After reading through my own posts on the topic of first-time obedience, I decided that there were several holes in my teaching that needed to be filled. So I am excited to offer this eBook, which covers just about every idea I’ve had about training children in first-time obedience. The 112-page eBook serves as a great complement to the Parent Wise books from Gary and Anne Marie Ezzo.

In Live in Harmony with First-Time Obedience, you’ll learn how to:

  • Rid your home of tantrums, whining, complaining and negotiating
  • Train your children to be respectful and obedient
  • Create peace and harmony in your home so you can enjoy your children again
  • Work on obedience while they’re young and the stakes are low
  • Reduce the stress that comes with parenting young children
  • Achieve a balanced life of love and learning with your children

Gary Ezzo himself has endorsed the eBook:

One of the most important parenting tasks is helping children learn to obey. This eBook offers practical advice for parents in the throes of obedience training and is high on my recommended reading list. ~ Gary Ezzo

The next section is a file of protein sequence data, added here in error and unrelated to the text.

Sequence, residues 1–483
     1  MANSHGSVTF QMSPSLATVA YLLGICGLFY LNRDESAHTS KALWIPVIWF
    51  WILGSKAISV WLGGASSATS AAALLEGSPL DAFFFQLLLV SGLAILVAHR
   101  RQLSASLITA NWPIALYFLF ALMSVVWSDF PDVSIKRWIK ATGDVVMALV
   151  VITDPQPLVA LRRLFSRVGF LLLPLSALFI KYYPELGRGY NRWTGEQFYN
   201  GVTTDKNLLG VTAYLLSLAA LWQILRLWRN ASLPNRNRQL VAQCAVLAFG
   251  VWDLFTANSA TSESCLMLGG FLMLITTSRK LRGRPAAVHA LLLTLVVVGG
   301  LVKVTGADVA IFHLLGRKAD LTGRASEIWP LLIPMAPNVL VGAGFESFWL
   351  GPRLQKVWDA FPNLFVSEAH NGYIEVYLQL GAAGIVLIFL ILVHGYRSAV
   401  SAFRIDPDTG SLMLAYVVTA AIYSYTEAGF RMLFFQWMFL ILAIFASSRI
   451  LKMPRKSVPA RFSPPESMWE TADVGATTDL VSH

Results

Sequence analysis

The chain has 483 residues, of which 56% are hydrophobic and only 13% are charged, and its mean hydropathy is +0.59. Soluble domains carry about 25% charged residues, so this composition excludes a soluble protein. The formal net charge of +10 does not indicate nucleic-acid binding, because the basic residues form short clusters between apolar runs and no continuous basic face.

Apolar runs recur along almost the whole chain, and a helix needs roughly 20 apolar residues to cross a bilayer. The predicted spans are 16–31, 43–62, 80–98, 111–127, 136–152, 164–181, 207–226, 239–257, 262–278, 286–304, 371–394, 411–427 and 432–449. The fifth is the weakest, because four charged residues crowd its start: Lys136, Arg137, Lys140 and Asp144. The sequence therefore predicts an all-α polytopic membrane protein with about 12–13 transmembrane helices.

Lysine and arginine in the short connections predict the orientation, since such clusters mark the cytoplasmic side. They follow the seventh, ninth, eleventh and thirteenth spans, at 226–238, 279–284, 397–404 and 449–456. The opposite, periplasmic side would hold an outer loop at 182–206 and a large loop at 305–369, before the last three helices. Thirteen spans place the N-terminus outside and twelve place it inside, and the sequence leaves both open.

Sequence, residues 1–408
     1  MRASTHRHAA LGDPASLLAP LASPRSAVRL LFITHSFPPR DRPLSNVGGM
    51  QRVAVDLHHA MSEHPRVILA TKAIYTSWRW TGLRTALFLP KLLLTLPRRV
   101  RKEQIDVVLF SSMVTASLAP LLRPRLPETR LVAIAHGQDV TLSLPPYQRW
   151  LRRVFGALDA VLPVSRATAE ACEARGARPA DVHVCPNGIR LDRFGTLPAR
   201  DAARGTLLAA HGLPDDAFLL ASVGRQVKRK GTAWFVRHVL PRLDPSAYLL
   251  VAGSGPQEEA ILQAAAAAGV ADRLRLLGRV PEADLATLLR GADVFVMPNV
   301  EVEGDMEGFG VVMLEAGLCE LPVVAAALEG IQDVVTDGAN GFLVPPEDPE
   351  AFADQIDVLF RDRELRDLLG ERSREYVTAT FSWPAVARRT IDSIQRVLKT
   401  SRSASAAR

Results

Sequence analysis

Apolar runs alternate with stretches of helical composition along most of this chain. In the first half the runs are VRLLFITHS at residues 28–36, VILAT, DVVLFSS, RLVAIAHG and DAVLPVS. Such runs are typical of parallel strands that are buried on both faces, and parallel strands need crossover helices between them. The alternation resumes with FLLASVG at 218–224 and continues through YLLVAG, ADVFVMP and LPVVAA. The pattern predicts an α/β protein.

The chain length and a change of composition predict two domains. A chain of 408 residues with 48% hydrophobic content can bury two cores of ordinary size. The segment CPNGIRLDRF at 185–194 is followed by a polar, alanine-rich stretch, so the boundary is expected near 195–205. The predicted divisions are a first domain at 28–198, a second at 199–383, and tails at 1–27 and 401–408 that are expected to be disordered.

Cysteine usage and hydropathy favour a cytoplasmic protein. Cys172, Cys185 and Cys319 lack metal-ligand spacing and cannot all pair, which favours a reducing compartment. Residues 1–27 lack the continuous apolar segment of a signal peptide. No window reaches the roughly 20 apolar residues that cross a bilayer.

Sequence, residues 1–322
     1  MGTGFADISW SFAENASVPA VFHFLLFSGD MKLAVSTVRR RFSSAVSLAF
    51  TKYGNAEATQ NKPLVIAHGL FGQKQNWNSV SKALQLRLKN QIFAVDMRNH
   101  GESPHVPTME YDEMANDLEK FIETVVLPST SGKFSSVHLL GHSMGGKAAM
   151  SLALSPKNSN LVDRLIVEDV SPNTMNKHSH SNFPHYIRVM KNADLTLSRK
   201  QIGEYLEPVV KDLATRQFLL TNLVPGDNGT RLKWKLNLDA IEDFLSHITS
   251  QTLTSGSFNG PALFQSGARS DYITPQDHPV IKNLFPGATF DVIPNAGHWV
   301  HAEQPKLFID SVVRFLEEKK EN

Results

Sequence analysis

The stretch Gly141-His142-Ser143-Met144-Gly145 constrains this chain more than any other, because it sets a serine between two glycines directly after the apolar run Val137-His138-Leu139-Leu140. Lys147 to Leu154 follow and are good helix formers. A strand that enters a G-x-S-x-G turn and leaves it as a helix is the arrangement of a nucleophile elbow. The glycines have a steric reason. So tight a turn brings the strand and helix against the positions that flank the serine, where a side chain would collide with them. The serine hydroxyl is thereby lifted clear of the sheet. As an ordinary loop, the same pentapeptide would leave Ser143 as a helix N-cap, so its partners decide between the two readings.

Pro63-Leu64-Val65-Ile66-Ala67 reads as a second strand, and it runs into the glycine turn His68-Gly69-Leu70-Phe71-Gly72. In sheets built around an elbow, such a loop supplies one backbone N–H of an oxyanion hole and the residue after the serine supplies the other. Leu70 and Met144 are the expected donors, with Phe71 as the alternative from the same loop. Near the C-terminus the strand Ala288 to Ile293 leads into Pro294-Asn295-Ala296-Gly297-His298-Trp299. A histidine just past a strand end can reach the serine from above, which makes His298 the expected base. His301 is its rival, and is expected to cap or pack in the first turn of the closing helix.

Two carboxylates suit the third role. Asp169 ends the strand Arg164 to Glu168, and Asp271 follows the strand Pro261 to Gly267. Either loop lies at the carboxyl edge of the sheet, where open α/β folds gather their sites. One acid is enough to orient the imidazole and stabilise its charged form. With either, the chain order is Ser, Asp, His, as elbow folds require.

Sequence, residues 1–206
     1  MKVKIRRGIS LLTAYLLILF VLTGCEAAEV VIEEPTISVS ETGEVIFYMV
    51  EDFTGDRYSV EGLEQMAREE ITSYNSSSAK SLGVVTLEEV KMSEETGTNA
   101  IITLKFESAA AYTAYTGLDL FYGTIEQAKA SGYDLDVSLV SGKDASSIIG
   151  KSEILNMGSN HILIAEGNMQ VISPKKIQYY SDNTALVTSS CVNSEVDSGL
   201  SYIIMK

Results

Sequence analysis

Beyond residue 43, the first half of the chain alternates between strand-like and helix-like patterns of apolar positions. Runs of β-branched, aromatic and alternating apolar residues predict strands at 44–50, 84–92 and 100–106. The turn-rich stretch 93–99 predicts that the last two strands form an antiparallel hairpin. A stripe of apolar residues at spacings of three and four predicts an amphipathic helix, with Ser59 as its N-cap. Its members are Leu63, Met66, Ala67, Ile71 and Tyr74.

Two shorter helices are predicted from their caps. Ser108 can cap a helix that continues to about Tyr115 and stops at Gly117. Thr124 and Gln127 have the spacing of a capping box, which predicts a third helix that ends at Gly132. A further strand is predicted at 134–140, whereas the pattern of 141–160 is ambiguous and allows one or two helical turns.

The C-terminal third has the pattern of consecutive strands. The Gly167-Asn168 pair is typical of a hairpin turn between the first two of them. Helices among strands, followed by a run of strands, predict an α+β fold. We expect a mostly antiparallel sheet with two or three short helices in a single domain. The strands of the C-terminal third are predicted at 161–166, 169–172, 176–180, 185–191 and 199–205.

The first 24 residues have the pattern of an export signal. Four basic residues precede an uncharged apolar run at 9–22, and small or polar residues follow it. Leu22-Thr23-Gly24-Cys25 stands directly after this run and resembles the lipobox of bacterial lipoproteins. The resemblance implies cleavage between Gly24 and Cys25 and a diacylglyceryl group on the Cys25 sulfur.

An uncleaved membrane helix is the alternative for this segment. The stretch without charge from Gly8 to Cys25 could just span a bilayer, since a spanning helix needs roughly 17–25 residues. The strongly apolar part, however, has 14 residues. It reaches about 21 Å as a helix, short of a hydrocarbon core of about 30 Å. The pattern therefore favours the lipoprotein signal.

Get your copy of Live in Harmony with First-Time Obedience while it’s on sale! Until January 9, 2012, it will be available for just $6.99! That’s 30% off the original price!

Click on the graphic below to learn more about the eBook and to download a sample of the eBook. Have a look before you buy.

If you like what you see, consider becoming an affiliate. Earn 30% of the purchase price for every buyer you refer. Read more.


Keep your child near you


The following is an excerpt from my soon-to-be released eBook, Live in Harmony with First-Time Obedience: How to Use Love, Authority and Consistency to Teach your Child to Obey the First Time, Every Time. Check back later this week to get your copy of the eBook. It will be available at a fraction of its regular cost just for the holidays!

An important step in training your child in first-time obedience is to keep her near you. This is especially important when your child is little and hasn’t yet learned to obey. If you’re doing dishes or preparing a meal, have your child play in the kitchen or the very next room. If you are folding laundry, have her sit right with you and even have her help. If you are reading, have her read on a blanket right next to you.

Don’t let your child roam the house at will. Not only is this a freedom a young child shouldn’t have earned (remember the funnel), but also it will make your obedience training much more difficult. If your child is roaming the house, you don’t have the constant visibility over her actions that will prevent misbehavior in the first place.